From Maldon heading into the Dengie, we discover some of the country’s richest agricultural land, as well as its loneliest chapel. To get a real feel for its desolate beauty I strongly recommend a walk along the northernmost promontory where the misanthropic Saxon chapel of St Peter’s (or St Peter-on-the-Wall) at Bradwell looks out over mudflats, cockle spits, hovering kestrels and the occasional hen harrier. St Peter Ad Murum is reputedly the oldest complete church in England that is still in regular use and is the scene of an annual ecumenical pilgrimage on the first Saturday of July each year. Its construction by St Cedd, who sailed from Lindisfarne to preach here, marked both an end to Saxon pirateering and the first foothold of Christianity in the South. The chapel was built from the walls of the Roman fort of Othona in 654AD – an intimidating fortress at the mouth of the Blackwater that was erected to protect the estuary from the Saxon pirates. Today, the location of Othona remains a major archaeological site and part of the Dengie National Nature Reserve. The atmosphere here is like no other and the saint’s claim that “In this place the word is revealed to you” still reverberates.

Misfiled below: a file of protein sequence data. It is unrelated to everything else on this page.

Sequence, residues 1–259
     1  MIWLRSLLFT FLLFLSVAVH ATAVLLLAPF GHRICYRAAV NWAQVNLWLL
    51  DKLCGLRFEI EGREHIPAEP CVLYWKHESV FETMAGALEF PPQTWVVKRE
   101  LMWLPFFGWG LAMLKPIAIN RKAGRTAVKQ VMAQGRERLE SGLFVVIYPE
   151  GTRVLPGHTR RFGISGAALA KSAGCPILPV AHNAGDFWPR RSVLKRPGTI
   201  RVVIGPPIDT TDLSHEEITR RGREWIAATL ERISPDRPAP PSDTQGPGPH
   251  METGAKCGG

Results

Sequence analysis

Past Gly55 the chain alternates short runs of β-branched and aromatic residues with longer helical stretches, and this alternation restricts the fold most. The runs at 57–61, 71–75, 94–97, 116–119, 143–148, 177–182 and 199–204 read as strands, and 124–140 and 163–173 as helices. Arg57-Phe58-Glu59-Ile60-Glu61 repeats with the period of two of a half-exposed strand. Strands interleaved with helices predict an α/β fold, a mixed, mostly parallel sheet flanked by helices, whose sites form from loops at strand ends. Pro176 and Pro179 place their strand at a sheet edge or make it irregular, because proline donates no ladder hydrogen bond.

A notch up the mariner’s flagpole from Maldon is Burnham-on-Crouch with three yacht clubs, one sailing club and an annual regatta that has earned it the soubriquet ‘Cowes of the East’. The town has a real feel of being at the end of things – lost amid the Dengie Marshes, it comes as no real surprise therefore that HG Wells chose it as the backdrop to a martian invasion in his War of the World’s, nor that Alfred Hitchcock, when asked about the inspiration for his films, cited a childhood visit to Burnham-on-Crouch. There are a large number of listed buildings in the town, including the rather fetching art deco Royal Corinthian Yacht Club. Humble fishermen’s weatherboard cottages hunker beneath the Georgian mansions of their former masters on the high street where there’s also an eccentric clock tower (1877) with fish scale tiled ogee roof whose lower arches the pavement has to duck under.